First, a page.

How To Stop ‘Mum Guilt’ From Holding You Back

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  • As part of our campaign to #BREAKFREE from 'mum guilt', writer Lachane Harley explores the ways to make sure it doesn't hinder your career

    On average, 50,000 women in the UK find their jobs under threat as a result of taking maternity leave – that’s a staggering 14% of the 340,000 women who take it every year.

    The House of Commons Library found that women belonging to this category are usually forced out of their jobs because of discrimination, and usually don’t have the opportunity to continue their role on a part time basis.

    Yep, believe it or not, but in 2016, being a working mom and wanting to ‘have it all’ is still an ideology which many fail to recognise. And even when companies do – it’s apparently not good enough. Back in September last year, Yahoo’s CEO, Marissa Mayer, announced that she was pregnant with twins and would be taking very limited maternity leave – and would be working throughout her time off. And instead of giving her a high five for doing exactly what works for her (something we should all be aspiring to), she was immediately berated for propagating a culture which expects super womanhood in the workplace and out of it.

    Which is why the main thing to remember is to do what makes you happy – and forget everyone else.

    But if the guilt and the worry is still getting to be a bit much, here are five simple ways to balance work and motherhood on an even keel:


    You may have spent the last 12 months attached to numerous nappy bags, and it might have been nine months since you last unblocked a colour printer, but you still have the ability to strive for success – and that’s nothing to feel ashamed of. Ask for help when you need it and don’t question yourself in silence – a network of family and friends is a invaluable in times like this, as are other colleagues. There’s no shame in asking for support.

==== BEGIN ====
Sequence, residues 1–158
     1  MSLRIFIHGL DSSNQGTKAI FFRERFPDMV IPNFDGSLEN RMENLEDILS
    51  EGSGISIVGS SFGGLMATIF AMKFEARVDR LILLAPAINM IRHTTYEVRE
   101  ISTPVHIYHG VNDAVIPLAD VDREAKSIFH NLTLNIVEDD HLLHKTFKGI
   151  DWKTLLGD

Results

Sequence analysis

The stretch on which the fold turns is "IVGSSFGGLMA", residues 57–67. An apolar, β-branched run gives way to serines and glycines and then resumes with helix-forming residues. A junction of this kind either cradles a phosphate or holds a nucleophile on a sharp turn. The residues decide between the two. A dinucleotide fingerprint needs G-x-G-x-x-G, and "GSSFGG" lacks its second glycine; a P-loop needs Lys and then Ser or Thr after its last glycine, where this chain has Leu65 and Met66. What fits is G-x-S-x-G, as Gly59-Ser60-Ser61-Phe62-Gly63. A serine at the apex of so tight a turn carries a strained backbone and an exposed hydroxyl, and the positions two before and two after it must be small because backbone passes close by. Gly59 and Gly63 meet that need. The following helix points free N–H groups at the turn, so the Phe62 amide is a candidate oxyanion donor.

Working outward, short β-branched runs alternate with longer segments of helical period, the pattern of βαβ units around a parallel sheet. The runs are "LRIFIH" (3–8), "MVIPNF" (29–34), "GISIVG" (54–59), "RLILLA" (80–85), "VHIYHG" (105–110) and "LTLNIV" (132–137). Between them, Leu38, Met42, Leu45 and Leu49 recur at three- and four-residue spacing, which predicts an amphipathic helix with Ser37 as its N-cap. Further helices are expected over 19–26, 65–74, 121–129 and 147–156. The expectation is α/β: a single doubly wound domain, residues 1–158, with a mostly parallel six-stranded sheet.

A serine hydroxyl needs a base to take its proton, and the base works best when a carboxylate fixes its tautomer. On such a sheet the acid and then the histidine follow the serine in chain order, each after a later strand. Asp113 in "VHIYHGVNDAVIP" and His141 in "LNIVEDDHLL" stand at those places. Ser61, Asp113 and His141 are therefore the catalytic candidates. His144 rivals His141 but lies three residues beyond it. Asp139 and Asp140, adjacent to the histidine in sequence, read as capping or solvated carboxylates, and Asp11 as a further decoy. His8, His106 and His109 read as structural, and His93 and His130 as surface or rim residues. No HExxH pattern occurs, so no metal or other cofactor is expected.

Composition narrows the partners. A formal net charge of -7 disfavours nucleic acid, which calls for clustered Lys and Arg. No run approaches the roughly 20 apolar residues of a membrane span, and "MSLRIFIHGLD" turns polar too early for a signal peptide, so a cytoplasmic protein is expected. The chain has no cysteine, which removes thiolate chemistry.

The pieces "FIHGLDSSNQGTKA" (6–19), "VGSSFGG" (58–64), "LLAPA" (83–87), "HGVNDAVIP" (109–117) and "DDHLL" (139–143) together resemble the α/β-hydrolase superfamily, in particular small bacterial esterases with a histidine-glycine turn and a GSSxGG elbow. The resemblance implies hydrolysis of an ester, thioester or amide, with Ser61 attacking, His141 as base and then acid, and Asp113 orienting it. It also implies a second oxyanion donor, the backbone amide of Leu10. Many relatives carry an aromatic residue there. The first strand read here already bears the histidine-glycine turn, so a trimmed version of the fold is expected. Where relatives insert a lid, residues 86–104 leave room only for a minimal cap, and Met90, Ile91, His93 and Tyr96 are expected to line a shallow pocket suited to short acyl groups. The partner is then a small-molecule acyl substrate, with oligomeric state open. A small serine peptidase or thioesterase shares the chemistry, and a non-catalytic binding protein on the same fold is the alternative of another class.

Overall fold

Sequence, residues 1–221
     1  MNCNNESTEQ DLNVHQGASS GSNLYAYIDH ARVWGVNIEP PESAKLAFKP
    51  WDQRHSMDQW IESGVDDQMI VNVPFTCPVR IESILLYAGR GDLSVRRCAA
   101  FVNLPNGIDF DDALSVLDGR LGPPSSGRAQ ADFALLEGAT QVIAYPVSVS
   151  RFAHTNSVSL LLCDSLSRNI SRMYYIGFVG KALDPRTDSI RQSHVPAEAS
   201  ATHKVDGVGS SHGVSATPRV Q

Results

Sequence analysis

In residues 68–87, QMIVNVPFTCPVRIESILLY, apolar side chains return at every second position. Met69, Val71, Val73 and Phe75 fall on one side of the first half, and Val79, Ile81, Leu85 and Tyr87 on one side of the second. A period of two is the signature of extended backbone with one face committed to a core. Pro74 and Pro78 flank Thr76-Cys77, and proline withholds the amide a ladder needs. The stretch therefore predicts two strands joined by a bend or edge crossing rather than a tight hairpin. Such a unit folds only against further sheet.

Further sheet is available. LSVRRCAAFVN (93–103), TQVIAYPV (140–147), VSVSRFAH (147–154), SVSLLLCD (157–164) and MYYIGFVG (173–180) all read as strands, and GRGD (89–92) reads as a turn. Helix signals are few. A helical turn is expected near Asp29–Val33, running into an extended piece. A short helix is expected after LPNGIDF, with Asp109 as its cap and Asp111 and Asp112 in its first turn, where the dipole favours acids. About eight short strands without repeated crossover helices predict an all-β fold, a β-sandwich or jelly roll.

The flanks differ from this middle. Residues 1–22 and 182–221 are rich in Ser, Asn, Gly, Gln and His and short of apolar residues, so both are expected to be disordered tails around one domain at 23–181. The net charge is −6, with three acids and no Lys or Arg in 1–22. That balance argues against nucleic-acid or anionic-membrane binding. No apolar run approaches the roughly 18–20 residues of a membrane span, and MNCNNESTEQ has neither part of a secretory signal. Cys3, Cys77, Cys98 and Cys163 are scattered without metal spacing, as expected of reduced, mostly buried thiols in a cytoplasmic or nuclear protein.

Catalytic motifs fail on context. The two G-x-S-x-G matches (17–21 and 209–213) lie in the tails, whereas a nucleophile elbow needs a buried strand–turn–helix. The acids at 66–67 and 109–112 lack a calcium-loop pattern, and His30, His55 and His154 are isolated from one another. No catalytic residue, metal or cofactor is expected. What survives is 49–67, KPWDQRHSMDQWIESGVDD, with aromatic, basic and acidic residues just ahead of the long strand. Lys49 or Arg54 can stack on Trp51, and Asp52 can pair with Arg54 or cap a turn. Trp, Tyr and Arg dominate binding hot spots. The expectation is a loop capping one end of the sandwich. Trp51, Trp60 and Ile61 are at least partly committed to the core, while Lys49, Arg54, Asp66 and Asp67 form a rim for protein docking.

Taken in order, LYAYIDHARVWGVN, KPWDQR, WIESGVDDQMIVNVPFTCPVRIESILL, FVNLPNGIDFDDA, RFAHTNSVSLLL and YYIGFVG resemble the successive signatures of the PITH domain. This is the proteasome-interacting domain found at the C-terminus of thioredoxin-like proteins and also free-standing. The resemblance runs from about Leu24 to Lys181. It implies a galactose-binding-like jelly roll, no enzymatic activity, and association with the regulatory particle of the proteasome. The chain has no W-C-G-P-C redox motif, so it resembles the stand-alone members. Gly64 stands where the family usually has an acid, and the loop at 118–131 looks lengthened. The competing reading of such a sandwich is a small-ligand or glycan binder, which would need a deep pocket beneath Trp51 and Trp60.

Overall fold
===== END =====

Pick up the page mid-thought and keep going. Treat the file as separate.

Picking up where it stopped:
By 9pm, you’re probably exhausted, we get it. However, being prepared and organised will save you time in the long run and allow you to catch up with any other tasks you need to complete. Take a few minutes out to set out any baby essentials for the day ahead and catch up on any work you have going before you crash. You’ll be grateful in the morning.


    Juggling two equally important responsibilities is highly strenuous and it’s easy to become distracted. As difficult as it may sound, focus on your work when at work and the same applies when spending time with your baby. Concentration and focus is what will benefit you in the long term. Worrying about what you ‘could’ be doing instead won’t get it done – and will just mean you don’t do such a good job of the task in hand, too.


    Many companies can be flexible when it comes to returning to work from maternity leave. However, if the work you do is compatible with a flexible arrangement, ask your manager if you can work outside of the office on a remote basis. There’s no harm in asking. Also, unless you’re a single parent, remember that looking after your child during work hours isn’t solely your responsibility – it’s up to your partner too. Sit down and work out a deal that benefits both of you – and doesn’t just prioritise his career. Yours is just as important.


    Your time and energy may be diverted towards motherhood and achieving a successful career but you need to relax occasionally, otherwise you’ll be running on empty. If you struggle to find time to do something that makes you feel good about yourself, try and take at least 15-20 minutes before bed to tune out of all your stress. Turn off your phone, leave your partner with the baby and ignore your emails. Every little helps. 

    Find out more about our #BREAKFREE from ‘mum guilt’ campaign here.

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